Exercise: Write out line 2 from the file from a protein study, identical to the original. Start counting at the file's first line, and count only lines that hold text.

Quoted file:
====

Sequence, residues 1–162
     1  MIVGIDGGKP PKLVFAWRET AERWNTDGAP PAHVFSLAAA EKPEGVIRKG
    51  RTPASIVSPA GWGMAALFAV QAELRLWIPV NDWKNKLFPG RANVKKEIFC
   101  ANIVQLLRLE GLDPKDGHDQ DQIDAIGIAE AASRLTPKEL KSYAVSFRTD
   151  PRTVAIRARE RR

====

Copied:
     1  MIVGIDGGKP PKLVFAWRET AERWNTDGAP PAHVFSLAAA EKPEGVIRKG